The World Health Organization declared that it had prequalified an Ebola vaccine for the first time and hailed it as a ‘historic step’ for licensing, access and roll-out of the medicine in the countries that were on the risk of the outbreak of the virus.
Prequalification means that medicine meets WHO standards for quality and safety for use by people. Previously the European Commission had allowed the release of an injectable vaccine Ervebo which had been made by US laboratory Merck Shape and Dohme (MSD) after the European Medicines Agency approved the vaccine on 18th October.
According to WHO’s director-general Tedros Adhanom Ghebreyesus this is a very important step in the prevention of the outbreak which first broke out in some of the African countries and requires immediate attention. With the launch of this vaccine, Ebola can be stopped from becoming a world endemic and the people suffering from the disease can be cured and treated.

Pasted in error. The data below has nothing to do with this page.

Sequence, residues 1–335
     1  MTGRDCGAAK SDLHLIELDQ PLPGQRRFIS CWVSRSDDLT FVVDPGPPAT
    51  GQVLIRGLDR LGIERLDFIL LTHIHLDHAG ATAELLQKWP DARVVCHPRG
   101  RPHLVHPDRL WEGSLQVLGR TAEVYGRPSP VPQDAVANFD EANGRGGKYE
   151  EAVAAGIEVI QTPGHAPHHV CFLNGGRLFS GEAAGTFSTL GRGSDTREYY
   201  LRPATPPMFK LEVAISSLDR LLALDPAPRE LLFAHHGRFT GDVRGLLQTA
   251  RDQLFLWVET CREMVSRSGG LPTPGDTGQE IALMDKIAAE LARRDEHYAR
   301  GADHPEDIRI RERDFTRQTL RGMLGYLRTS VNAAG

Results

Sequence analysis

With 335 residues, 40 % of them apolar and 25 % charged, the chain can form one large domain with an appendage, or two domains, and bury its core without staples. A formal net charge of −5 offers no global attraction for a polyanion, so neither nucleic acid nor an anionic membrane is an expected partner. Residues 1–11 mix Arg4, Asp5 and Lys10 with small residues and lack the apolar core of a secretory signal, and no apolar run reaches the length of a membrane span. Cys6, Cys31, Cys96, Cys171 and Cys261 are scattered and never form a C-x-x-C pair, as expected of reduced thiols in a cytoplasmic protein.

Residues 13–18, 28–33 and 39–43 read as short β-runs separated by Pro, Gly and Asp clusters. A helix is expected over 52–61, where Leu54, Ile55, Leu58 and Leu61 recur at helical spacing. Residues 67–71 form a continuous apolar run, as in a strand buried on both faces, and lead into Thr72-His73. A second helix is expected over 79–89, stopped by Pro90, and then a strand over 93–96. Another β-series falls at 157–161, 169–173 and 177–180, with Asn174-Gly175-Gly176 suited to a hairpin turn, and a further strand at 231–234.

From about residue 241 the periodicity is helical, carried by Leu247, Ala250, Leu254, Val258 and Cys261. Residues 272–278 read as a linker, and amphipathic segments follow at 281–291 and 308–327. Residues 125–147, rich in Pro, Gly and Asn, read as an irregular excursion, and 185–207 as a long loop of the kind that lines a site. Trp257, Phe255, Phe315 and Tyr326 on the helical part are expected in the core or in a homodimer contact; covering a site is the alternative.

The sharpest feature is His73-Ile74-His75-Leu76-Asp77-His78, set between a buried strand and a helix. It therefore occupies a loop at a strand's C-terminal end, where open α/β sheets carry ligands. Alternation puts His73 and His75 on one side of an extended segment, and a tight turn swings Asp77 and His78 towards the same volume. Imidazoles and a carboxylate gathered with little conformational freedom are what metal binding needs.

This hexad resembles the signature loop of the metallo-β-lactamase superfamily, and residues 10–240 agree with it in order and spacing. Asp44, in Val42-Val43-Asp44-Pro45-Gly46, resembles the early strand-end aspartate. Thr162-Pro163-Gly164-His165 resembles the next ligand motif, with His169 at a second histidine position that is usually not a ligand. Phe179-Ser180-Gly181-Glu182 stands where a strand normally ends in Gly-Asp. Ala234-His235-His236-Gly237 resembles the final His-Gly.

Even five years ago there was no vaccine or medicine to contain and check the disease. WHO said that after it conducted tests the vaccine has been able to fight the virus without any side-effects and thus can be used for the treatment of the disease.
WHO said that the licensing and other formalities would take time and people would get access to the vaccine since the middle of next year. It further said that it had accelerated its work of prequalifying the vaccine as soon as all the information became available and began the reviewing process for safety and other parameters.
Since the current epidemic, there have been reports of more than 2190 people who had died due to the disease. The total number of cases reported so far has been around 3290. The disease first broke out in the African country of DR Congo.